Max was placing at Super PeeWee as a PreK kid in with Kindergarten kids like Hunter Garvin and the Martinsen brothers in his bracket. He has always been really good. Each year he would surprise me by beating someone who was supposed to be better than him. This year he sees all his buddies in high school and I think over the summer he got a new higher level of desire to be the best he could be. He felt like one of the directors at a camp was not being fair to him so he just stepped his game up and wasn’t going to let someone else decide his fate. He just kept working harder and harder and decided he was going to want it more than ever. I guess that guy did me a favor. Max has not let off the gas since then. He wants to win state titles and he believes more than ever he is going to wrestle Division 1 someday. He just believes it and that is strong when you believe in yourself the way he does.


What is he ranked in the nation?


Last poll I saw in Middle School by Willie Saylor on Rufkin Max jumped from 57th on Flo p4p to 31st on Rufkin I think. Since then he has beaten at least one kid that was ranked top 20 and revenged the only 2 losses in MS he has had all year. One of those losses was 15-2 and he came back in the same day and beat that same wrestler in OT last week at VAC Duals. Along with avenging his Super 32 loss in the Finals at VAC.


Did you play any other sports growing up?


I tried baseball but didnt know I needed glasses because growing up we didnt go to doctors or dentists unless something bad happened. I also played football but was 98lbs wet in the 10th grade so I gave up on that and focused on wrestling. My son weighed more in 7th grade than I did my sophomore year of college.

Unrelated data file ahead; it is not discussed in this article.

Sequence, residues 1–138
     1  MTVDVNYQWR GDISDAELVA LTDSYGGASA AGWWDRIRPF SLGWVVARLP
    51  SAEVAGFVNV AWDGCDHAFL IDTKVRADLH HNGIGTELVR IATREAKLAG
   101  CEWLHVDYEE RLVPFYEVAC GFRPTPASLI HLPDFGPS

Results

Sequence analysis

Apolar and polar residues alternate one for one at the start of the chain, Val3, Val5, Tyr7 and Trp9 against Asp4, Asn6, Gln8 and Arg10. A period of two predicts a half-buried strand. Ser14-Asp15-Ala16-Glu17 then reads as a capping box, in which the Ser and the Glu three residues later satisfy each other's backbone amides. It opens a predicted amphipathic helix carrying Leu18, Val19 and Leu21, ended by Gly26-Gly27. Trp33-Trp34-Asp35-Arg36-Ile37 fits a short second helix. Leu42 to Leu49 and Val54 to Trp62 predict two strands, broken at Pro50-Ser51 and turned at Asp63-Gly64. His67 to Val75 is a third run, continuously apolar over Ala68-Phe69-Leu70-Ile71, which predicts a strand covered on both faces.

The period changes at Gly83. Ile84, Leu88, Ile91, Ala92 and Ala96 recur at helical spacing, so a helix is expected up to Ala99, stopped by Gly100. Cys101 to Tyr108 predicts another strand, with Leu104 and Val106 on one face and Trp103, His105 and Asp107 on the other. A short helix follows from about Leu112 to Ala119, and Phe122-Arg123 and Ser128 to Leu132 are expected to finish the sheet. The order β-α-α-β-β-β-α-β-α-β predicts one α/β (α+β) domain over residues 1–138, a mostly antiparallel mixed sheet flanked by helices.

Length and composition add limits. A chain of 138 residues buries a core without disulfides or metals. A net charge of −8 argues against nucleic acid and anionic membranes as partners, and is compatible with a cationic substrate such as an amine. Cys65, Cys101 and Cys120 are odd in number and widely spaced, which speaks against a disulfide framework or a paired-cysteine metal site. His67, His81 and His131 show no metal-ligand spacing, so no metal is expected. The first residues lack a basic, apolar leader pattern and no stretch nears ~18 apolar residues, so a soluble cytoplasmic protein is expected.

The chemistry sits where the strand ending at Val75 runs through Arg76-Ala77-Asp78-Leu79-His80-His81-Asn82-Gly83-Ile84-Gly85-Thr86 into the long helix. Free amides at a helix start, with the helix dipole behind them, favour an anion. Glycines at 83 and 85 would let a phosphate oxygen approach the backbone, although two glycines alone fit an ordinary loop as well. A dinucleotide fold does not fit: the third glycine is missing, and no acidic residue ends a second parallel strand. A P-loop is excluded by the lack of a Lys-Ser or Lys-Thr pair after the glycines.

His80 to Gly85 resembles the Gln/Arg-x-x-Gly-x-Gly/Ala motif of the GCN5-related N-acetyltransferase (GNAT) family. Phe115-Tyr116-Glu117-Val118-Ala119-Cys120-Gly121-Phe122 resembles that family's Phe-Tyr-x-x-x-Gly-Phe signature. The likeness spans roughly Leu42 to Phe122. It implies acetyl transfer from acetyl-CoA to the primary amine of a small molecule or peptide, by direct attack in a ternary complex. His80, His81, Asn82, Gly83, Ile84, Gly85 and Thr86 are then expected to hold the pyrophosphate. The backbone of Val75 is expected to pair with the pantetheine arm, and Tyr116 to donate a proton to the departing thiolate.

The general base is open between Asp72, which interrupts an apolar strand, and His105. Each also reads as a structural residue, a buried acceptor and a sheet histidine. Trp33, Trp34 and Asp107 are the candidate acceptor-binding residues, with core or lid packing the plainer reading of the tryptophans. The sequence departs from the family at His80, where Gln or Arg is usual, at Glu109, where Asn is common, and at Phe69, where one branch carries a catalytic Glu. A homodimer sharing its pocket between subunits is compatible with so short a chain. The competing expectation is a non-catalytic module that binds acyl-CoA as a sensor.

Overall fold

What are some of your family’s hobbies?


We disc golf together and go to movie marathons. We also like to try new restaurants. I would say my hobby is probably my love of wrestling and especially my sons wrestling at least until he is done with his wrestling career.


Where does “watching your sons wrestle” rank in your favorite all time memories of your life?


There is nothing like watching my son wrestle. It is so obvious to anyone around me that he is my passion. Just seeing someone that is so close to you work so hard and to know that it has been such a huge part of our bonding makes me smile ear to ear. Our wrestling trips are better than any official vacation that other people take. When he talks to his wrestling friends and they are laughing and having a good time it is like I am watching a Hallmark movie that brings tears to your eyes.


Do you have a lot of fun with the podcast?


I do enjoy doing the podcast but I enjoy it more because I know how I felt watching someone interview my son. I also know how it made him feel getting some kind of recognition. I enjoy knowing that those people I interview may get some of that same joy and/or motivation from being on my podcast or seeing their kid/friend interviewed. I also know how time flies so fast and I am able to freeze time just a little and someday people can go back and see a piece of that history.


Any advice to other wrestling dads out there?


I always say it is a roller coaster. No matter the level of your wrestler they will have days, practices, maybe even weeks, months or a year of good and bad wrestling. Just ride it out. Dont get tunnel vision to the point you dont see the hill, valleys, and turns along the way. They will forget everything they just learned and then pull it out a year later like they have been practicing it their entire lifetime. Make sure you challenge them and be ok with them taking losses if they are having fun. Max has had his biggest jumps when I put him in the deepest water and he comes back like Michael Phelps. Keep the focus long term and make the journey the joy not just the championships. 26 state and 54 national titles just means we have had hundreds of awesome vacations. We just happen to bring home some nice souvenirs along the way. The real test is will he have his kids wrestle someday? If so then I will know I did well.